Meet Steve Earnhart, a bassist otherwise known as “Bald Steve”. Steve started out on bass on a whim, but when he heard Jaco Pastorius and Marcus Miller, he had that aha moment and knew what he wanted to do in life. And he’s been doing it ever since.
Steve is No Treble’s reader in the spotlight for the week of June 23, 2014.
I began playing paid gigs professionally on day passes from high school starting at age seventeen. From there I attended Berklee College of Music, and turned pro at age 19 when I scooped up by a local touring band and started working 5-7 night a week throughout the northeast…and learned that pretty much 90% of the pyrotechnics I’d been practicing had exactly zero real world application. I moved to Los Angeles in 2001, where I currently gig and record full-time. I am a Fodera and Aguilar Bass Artist.
Los Angeles, CA
Composing, sessions, and producing.
Bands & Gigs:
I’m the house Bassist/Singer at Mastro’s Steakhouse flagship Beverly Hills location, performing every Wednesday – Saturday night from 8:00 pm to midnight in a high-energy Piano, Bass, and Drums trio. It’s a known celebrity hot-spot (we’re on TMZ all the time) that serves between 400-1200 patrons every night. People often ask me it’s a mellow, lounge-type scene and the answer is a resounding “No!” It’s madhouse, and we rock it accordingly, covering everything from Daft Punk to Johnny Cash to the Stones to the Doors to Marvin Gaye. All arrangements and set lists are improvised on the spot, ensuring every guest has a unique experience. I’ve also played with Billboard-charting Pop/AC Artist Katrina Carlson (with whom I’ve opened shows for Rick Springfield, Eddie Money, Lindsey Buckingham, and Kenny Loggins).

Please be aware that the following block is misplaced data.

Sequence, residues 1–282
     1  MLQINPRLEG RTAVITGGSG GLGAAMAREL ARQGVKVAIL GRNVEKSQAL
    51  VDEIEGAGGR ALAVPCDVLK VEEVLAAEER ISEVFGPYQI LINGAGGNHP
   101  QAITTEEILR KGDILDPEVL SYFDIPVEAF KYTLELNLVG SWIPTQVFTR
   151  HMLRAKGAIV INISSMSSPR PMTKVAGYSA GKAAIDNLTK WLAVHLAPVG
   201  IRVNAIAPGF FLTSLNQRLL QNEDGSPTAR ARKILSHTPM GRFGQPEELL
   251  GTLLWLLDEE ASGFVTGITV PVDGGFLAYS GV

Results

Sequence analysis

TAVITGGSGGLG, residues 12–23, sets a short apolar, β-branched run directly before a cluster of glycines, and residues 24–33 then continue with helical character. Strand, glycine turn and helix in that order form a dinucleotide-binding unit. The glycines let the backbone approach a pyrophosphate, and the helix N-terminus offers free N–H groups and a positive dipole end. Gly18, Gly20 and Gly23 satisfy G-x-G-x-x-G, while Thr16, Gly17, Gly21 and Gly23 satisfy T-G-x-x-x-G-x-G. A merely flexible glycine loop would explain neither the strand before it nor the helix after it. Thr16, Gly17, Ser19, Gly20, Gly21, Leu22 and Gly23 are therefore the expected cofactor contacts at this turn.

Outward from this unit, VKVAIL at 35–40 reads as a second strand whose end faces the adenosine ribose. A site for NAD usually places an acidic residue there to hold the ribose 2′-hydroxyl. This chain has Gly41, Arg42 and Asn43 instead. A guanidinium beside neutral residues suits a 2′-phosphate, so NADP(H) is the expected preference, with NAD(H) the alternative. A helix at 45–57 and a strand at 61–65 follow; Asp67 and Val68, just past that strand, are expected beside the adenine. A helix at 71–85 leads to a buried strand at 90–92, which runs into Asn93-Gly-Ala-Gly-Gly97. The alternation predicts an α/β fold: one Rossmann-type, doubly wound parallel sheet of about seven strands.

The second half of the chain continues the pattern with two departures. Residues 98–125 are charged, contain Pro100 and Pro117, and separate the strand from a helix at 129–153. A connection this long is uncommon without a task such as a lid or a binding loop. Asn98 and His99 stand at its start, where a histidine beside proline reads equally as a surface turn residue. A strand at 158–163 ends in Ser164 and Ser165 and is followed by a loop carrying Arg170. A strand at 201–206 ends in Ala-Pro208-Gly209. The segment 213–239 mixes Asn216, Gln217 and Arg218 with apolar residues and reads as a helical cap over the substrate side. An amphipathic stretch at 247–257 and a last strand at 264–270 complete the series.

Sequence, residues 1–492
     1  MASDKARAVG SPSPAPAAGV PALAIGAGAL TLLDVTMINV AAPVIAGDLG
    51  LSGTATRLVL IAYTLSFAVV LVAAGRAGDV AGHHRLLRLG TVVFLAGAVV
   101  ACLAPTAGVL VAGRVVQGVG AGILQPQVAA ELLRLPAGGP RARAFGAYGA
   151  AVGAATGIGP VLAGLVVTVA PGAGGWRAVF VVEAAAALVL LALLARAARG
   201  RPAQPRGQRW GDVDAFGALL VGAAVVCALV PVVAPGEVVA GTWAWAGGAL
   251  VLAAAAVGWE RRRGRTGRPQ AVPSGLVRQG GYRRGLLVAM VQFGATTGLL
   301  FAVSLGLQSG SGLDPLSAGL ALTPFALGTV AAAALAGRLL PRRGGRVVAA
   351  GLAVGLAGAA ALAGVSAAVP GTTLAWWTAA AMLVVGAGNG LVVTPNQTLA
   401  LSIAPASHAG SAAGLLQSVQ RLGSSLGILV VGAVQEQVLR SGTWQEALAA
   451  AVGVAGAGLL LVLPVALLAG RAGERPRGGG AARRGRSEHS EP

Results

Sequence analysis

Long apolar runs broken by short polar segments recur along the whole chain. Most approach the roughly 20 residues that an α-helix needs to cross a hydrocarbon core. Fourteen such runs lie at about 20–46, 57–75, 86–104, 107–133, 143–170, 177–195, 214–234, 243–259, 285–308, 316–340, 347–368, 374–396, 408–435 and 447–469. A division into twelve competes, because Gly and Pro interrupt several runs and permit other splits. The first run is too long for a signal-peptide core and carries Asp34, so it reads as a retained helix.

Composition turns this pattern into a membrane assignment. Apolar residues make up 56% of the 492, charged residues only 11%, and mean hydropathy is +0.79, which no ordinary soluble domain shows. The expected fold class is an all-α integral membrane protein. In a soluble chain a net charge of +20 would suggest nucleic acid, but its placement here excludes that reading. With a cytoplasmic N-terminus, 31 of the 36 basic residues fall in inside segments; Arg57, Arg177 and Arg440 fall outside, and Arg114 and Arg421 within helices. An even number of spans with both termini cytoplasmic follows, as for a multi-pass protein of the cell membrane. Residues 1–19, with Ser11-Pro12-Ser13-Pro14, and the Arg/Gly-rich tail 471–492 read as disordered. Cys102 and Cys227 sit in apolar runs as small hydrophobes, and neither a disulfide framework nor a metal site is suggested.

On the Producing side, I released the album “Last Gasp” in the summer of 2010. I wrote all music and lyrics, played all instruments, programmed all drums, produced, and recorded everything in my home studio. The album has led to licensing deals with Creative Music Artists, Soundfile Productions, Nitro Noise, Jingle Punks, and Smashtrax. Steve’s music has appeared on MTV Reality shows (“16 and Pregnant” and “Teen Mom”), the ESPN awards, the NHL Awards, Nat Geo, and many other broadcasts. My song “Light the Way” was the opening theme song in the comedy feature “The Blackout”. As a session player, I’ve laid down bass tracks on mixes for Pete Yorn, Ice Cube, Mellow Man Ace, PJ Olsen, and many others.
- Fodera Monarch 5 Bolt-On (main player live – it can do anything).
- Franken-Fender P-Bass (FSR Alder Precision Body, Lollar PUP, blocked Jazz neck with lollipop tuners. I will never sell this bass. Clients go gah-gah for the tone)
- Fender CIJ Marcus Miller Jazz
- Yamaha Fretless
- Aguilar Tone Hammer 500 (best amp I’ve ever used. You can dial in almost any imaginable if you really get to know the EQ)
- Aguilar DB112
- Baer ML112
No effects. Ever.
Why I play the bass:
The neighborhood rock band needed a bass player and I said, “why not?” I picked up a used Gibson EB-O, and it was off the races from there. I didn’t really go into high gear until I heard Jaco and Marcus, though. When those guys reached my ears and I understood what was possible? I knew this was what I wanted to do with my life.
My bass superpower/claim to fame:
I pride myself on being a chameleon, and can function at a high level in most styles. If you want to work at the pro level you’d better be able to break out a pick and drive a rock track, crank the back pickup and cut up the finger-funk, drop your thumb, being able to play many different Latin rhythms, cop a fretless vibe, drop deep and bass-heavy hip-hop grooves, swing hard, sight read, and dial in not just “your” tone, but whatever the song/producer/artist calls for fast. I’ve worked hard to be able to get this kind of versatility from my gear, heart, and hands.
Muzz Skillings, Tony Levin, John Paul Jones, “Ready” Freddie Washington, Chuck Rainey, Will Lee, Rickey Minor, Macca, Entwistle, Jack Bruce, Marcus Miller, Bootsy, Jaco, Victor Wooten, Jamerson, Lee Sklar, Pino, John Taylor, Duff McKagan, Cliff Williams, Duck Dunn, Bob Babbitt, Barry Oakley, Simon Gallup, Roger Waters.